Tony Abbott loses leadership vote; replaced as Prime Minister by Malcolm Turnbull
A mild surprise in Australia today as a leadership vote of Prime Minsiter Tony Abbott's Liberal Party resulted in his ouster by his former communications secretary Malcolm Turnbull. Abbott had been bleeding support in recent months due to an economic downturn and the growing belief among voters that his rival in the Labor Party, Bill Shorten, was more capable of handling the economy.
Despite keeping his promise to "stop the boats" filled with economic refugees from Asia, the economic slowdown in China has severely impacted Australia's economic growth, leading to the perception that Abbott wasn't up to the job.
Turnbull warned that if Abbott continued to lead the party it was likely to lose the next election to Labor and its leader Bill Shorten.
"You only have to see the catastrophically reckless approach of Mr. Shorten to the China-Australia free trade agreement, surely one of the most important foundations of our prosperity, to know he is utterly unfit to be Prime Minister of this country and so he will be if we do not make a change," Turnbull said.
The Australian economy has been feeling the effects of slowing demand from China for minerals.Australia's gross domestic product expanded 0.2% in the second quarter, down from 0.9%, missing analysts' forecasts.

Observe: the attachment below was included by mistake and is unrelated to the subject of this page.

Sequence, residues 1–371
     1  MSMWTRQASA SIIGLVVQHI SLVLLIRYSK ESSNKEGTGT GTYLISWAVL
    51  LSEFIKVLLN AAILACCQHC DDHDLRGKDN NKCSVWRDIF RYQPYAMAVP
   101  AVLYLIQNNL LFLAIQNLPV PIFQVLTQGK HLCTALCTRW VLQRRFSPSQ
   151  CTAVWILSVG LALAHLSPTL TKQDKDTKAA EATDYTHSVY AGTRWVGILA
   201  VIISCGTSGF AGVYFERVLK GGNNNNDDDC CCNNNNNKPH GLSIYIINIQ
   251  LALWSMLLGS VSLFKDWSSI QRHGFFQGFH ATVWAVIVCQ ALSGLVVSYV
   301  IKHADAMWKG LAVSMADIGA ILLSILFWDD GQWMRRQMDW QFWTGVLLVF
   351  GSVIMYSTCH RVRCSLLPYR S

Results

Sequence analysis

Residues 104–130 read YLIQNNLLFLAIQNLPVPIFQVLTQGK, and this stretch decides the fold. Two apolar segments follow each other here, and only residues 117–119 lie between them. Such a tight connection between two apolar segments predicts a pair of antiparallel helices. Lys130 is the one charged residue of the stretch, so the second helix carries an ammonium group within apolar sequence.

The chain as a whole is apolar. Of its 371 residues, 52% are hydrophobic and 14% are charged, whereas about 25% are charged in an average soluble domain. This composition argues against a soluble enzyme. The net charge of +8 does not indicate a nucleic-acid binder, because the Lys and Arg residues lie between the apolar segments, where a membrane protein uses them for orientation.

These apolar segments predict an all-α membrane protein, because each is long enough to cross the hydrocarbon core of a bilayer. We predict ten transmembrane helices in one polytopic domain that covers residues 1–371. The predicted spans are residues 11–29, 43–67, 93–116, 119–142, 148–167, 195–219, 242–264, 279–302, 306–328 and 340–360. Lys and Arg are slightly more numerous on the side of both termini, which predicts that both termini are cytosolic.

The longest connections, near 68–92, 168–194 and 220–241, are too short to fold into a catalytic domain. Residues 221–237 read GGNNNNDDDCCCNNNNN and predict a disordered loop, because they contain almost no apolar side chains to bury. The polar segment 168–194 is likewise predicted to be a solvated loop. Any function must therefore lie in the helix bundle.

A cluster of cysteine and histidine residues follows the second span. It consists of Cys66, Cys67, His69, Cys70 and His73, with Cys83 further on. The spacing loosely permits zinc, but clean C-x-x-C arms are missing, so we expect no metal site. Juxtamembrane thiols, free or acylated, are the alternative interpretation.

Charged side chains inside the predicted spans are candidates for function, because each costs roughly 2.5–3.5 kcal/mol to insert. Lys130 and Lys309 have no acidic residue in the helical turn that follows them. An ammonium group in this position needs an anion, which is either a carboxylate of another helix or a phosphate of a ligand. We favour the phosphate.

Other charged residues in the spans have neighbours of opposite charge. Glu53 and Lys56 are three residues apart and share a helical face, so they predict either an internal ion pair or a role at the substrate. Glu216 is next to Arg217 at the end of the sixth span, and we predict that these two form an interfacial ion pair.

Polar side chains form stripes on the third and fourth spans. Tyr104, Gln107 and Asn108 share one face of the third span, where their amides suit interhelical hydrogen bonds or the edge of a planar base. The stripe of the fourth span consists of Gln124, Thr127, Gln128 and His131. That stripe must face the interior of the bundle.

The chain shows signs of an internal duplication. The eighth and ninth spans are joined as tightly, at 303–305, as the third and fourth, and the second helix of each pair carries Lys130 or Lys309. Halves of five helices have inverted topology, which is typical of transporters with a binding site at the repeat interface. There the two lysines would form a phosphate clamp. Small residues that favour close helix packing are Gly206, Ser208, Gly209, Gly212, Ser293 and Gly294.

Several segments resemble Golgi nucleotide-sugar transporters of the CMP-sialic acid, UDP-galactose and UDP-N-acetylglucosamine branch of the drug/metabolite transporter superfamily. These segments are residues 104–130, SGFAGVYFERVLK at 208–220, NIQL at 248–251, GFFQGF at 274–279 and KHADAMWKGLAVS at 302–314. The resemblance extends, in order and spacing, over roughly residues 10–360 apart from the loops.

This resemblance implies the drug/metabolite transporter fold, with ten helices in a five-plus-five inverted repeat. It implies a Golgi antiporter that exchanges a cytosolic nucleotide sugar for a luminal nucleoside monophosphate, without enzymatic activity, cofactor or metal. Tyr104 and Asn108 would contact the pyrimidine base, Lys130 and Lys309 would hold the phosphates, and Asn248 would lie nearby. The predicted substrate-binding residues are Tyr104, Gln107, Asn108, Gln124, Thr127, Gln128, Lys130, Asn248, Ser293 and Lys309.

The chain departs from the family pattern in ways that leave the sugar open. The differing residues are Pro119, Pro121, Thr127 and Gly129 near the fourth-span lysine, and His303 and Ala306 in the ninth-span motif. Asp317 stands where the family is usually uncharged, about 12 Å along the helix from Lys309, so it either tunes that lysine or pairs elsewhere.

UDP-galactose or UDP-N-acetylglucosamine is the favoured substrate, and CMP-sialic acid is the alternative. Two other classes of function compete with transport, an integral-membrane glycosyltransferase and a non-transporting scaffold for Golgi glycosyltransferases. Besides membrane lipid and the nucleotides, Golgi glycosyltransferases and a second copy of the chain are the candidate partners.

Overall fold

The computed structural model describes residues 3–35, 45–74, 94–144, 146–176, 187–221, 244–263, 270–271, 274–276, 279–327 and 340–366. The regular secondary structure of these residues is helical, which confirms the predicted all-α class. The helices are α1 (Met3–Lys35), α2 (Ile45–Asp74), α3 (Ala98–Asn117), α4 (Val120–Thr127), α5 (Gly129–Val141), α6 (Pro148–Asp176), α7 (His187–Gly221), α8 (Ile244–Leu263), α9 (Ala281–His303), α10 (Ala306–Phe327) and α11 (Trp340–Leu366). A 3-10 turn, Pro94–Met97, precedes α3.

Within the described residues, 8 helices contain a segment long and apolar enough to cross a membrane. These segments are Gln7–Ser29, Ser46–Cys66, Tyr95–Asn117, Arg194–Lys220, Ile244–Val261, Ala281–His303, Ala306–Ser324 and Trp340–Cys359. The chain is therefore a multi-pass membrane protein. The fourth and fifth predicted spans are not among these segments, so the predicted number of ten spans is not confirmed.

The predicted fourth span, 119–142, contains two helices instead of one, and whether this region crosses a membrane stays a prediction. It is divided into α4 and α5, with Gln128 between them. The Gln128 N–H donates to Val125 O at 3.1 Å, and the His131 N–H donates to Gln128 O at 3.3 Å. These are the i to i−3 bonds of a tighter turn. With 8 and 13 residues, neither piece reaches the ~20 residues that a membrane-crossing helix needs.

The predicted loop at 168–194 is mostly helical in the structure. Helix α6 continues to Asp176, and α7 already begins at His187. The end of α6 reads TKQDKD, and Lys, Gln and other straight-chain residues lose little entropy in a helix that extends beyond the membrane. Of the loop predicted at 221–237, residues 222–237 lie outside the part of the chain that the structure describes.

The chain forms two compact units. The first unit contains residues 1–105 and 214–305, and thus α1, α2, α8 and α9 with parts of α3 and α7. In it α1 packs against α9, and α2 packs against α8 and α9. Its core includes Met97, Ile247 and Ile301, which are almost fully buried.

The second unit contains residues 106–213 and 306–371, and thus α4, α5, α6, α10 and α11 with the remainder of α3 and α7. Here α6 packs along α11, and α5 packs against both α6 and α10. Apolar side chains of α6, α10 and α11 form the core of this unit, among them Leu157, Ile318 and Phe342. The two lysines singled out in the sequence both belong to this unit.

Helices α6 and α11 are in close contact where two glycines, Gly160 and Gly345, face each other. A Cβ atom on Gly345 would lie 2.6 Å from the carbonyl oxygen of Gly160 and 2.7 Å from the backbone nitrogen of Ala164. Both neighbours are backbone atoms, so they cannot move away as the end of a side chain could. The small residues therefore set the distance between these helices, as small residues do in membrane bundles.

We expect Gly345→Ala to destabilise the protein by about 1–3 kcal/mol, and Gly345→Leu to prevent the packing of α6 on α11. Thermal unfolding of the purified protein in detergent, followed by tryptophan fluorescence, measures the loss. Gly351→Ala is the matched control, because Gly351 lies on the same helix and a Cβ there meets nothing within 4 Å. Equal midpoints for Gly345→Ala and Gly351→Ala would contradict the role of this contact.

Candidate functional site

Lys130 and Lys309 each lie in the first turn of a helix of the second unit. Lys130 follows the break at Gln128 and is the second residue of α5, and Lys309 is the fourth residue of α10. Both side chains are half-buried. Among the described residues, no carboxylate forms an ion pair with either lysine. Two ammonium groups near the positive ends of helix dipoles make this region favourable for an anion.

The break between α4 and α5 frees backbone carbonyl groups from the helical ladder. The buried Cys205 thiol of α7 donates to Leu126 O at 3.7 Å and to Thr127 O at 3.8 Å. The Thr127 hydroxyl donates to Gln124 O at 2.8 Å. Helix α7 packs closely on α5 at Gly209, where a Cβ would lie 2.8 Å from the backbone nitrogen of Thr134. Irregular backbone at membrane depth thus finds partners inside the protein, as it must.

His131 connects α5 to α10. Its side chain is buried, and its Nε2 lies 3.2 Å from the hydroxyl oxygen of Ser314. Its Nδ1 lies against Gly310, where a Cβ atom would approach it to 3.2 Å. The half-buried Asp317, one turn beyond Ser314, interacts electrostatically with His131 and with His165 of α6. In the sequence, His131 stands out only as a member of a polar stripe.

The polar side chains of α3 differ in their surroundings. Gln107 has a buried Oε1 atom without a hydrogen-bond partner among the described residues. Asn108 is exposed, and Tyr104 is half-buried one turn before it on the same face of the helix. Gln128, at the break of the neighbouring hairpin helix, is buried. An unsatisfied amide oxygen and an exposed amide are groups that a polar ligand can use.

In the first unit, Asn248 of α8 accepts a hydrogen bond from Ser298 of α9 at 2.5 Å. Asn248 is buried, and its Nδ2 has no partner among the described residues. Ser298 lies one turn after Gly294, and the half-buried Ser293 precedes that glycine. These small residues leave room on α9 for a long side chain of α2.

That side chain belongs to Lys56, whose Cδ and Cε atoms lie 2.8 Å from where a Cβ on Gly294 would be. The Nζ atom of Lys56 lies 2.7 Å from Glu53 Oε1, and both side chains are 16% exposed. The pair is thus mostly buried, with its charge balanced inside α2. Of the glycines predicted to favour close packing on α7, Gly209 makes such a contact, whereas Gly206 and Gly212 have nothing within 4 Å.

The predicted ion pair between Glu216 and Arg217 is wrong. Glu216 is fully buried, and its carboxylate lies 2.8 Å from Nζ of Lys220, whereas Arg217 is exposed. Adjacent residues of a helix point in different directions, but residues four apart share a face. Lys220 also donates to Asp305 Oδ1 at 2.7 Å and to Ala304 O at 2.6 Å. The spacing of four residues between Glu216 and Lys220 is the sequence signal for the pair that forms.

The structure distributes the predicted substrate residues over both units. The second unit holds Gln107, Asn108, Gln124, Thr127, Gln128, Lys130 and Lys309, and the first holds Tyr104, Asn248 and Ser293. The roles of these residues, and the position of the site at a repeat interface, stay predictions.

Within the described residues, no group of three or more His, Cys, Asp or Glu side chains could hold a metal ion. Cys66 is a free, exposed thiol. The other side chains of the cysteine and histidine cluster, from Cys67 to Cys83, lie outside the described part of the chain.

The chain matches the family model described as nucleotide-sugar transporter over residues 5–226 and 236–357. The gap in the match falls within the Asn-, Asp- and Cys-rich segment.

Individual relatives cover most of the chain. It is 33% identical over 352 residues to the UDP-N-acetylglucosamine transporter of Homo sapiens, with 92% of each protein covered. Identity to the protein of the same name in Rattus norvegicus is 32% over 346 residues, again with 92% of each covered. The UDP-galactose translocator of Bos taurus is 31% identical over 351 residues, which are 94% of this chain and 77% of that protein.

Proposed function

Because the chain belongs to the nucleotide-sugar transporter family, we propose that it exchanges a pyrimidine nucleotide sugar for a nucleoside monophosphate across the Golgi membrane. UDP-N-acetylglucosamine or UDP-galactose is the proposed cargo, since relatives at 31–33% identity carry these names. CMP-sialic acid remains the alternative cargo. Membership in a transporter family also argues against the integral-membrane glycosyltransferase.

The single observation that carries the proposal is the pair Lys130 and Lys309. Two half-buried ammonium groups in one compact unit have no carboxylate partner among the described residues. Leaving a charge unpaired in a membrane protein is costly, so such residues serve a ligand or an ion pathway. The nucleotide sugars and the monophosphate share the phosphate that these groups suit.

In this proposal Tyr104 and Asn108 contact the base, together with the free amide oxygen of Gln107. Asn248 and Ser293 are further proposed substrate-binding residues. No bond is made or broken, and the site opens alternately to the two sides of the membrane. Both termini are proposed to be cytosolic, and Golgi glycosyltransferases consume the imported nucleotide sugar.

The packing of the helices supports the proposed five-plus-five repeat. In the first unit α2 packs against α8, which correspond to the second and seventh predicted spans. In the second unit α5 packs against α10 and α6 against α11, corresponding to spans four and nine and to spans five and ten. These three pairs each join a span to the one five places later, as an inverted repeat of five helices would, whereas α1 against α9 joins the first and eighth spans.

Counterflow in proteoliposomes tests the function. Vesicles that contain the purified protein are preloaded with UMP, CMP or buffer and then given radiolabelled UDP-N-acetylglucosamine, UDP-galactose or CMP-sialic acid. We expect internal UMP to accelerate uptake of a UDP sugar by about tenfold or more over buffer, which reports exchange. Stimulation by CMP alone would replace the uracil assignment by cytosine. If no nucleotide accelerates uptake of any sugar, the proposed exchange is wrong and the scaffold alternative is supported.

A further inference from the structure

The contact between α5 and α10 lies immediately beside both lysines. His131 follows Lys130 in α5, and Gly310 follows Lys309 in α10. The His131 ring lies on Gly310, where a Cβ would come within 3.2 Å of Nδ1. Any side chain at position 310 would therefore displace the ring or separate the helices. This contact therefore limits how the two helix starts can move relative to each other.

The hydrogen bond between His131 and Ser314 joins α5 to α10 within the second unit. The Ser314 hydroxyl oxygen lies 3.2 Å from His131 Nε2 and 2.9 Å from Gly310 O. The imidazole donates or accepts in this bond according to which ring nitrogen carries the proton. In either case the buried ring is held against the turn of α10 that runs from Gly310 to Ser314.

Shorten said a change at the top of the Liberal Party wouldn't make any difference.
"Australia does not need another out of touch, arrogant, Liberal leader. Australia needs a change of government," he said.
The most recent survey by Newspoll -- as of September 7 -- shows voters are split between the two major parties, though respondents said Shorten would make a better leader than Abbott.
Until Monday, Turnbull was the country's popular communication minister, someone seen by many as a potential leader, if only he'd put up his hand. In February, he resisted pressure to be nominated for the role during the party-room vote.
In the past, Turnbull has expressed support for same-sex marriage and concern that not enough is being done to combat climate change.
Abbott has said in the past that climate change was "real," but resisted many of the schemes advanced by climate change advocates to lower carbon emissions. He still backed coal as an energy source, and set more modest emission reduction goals than advocates preffered.
Abbott was pro-American, but less so than his Liberal Party predecessor John Howard, who developed a strong working relationship with former President Bush. Mr. Turnbull is not expected to change Abott's foreign policies toward America, but may take a more active role in the coming international climate change conference in Paris later this year.
But climate change policy played little role in his ouster. It was the bread and butter issue of the economy that brought him down and will likely determine the future of Mr. Turnbull as well.